mobilizeE the hands; during treatment; .andlwhich requires electricity to. flowthrough no morelt'han a. veryshortpath-inthe body Accordingto theinventionthe edge. of a. cup is. pressed against. theskin. around the diseased area, preferably by astrapbrtape. The cup holds the. electricvv conducting fluid which con,-

tains .theftherapeuticagent that. is. to besupplied to the aiiected. area electrically. Electric. con.-

ductors;. closely associated with the cup, are adaptedto be connected into. an, electric circuit of the type disclosed: in .theConrad patent. Qne

of the. conductors; extends. into the solution. in the-,cup,=,while the other: is inelectric. contact withthe-skimoutside of. the cup. The current flows through the conductors, the. conducting fluid and the diseased. tissue area. to. cause the therapeutic agent to treat that-area.

The preferred embodiment of the inventioniis illustrated. in.v the accompanying,-. drawing, of which Fig, .1 .is aplan view of the. devicein oper- ,ative positionon a-patientfsarm; vFig. 2.is.a..ver.-

ticalsection through the device on thearmtaken on lineIL-II ofiFig. 1; andFig. S is anenlarged onthe, line lit-Ill; of Fig. 1. p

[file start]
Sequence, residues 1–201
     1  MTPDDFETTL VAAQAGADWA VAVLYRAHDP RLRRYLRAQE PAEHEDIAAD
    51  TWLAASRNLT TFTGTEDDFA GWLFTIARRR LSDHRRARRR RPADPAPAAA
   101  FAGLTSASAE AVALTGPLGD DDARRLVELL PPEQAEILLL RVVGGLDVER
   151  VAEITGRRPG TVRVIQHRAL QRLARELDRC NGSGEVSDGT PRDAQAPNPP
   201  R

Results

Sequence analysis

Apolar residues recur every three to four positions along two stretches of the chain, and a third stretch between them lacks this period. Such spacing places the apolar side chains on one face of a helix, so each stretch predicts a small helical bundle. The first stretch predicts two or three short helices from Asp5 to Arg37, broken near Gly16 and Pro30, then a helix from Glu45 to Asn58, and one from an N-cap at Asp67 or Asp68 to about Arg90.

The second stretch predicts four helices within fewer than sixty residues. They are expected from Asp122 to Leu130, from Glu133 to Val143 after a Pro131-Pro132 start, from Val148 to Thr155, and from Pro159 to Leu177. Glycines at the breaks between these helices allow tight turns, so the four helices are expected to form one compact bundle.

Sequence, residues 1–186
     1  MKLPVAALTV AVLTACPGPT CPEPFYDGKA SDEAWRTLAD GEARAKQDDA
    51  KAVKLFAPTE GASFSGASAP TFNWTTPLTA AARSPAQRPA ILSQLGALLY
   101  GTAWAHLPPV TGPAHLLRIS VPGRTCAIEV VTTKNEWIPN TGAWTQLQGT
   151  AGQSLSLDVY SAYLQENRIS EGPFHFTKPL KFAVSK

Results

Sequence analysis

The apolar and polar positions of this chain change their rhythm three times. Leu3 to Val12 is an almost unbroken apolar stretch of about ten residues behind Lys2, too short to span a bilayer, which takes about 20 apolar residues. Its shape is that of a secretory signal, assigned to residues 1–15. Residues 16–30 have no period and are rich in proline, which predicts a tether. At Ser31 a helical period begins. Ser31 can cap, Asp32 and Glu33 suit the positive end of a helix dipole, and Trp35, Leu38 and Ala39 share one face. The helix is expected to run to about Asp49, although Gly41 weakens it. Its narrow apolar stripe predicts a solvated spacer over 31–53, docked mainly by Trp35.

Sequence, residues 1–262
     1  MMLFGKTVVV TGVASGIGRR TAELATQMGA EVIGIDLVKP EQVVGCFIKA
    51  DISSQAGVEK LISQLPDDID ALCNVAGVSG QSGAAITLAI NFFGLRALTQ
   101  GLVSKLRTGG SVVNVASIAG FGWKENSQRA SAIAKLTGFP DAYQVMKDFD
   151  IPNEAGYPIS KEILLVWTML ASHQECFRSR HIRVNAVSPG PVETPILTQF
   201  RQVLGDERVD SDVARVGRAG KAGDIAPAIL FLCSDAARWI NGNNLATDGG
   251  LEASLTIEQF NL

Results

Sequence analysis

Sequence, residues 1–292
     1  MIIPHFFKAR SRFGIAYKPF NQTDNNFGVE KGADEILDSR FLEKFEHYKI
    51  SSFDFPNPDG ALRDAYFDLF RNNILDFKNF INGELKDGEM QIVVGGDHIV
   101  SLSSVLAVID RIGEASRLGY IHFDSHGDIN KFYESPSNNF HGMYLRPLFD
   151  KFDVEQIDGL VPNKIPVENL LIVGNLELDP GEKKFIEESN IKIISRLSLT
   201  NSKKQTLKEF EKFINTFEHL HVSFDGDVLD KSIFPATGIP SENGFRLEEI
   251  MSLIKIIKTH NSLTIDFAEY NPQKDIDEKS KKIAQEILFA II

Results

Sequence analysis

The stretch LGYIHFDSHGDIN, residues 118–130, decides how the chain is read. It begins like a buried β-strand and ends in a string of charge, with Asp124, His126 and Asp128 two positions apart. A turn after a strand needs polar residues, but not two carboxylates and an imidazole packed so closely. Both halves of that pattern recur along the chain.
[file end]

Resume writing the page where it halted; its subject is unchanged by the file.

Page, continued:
The following detailed description of. this -invention will. have-reference to .itsapplication in theaprocess .of electrolytically, treating, .skin diseasesmith a .:solution such .as. copp er.sulphate,..but it is notto-be-limited to that, particular solution. skinfwill be used broadly herein to include tissue.

is-vheldin liquid sealing engagement with the arm by.:*an ;.elastic. strap; 3. or by;- other'meanss such as a suitable: harness: or- 'adhesive' tape. The end wall of the 01113,,WhiCh-1Sfitfth8-t01? intheadrawing, ia provided with an opening; encircled by a neck 34:- inswhichthere; isaremovable stopper or plug 5; Bygremoving. .thaplug, the; cup: can. be filled; on the --arm..to:' the; desired extent with a The-plug; and the cup are constructed of any suitabe material, such as glass, plastic or rubber, which is electrically non-conductive and which is not attacked corrosively by the electrolyte.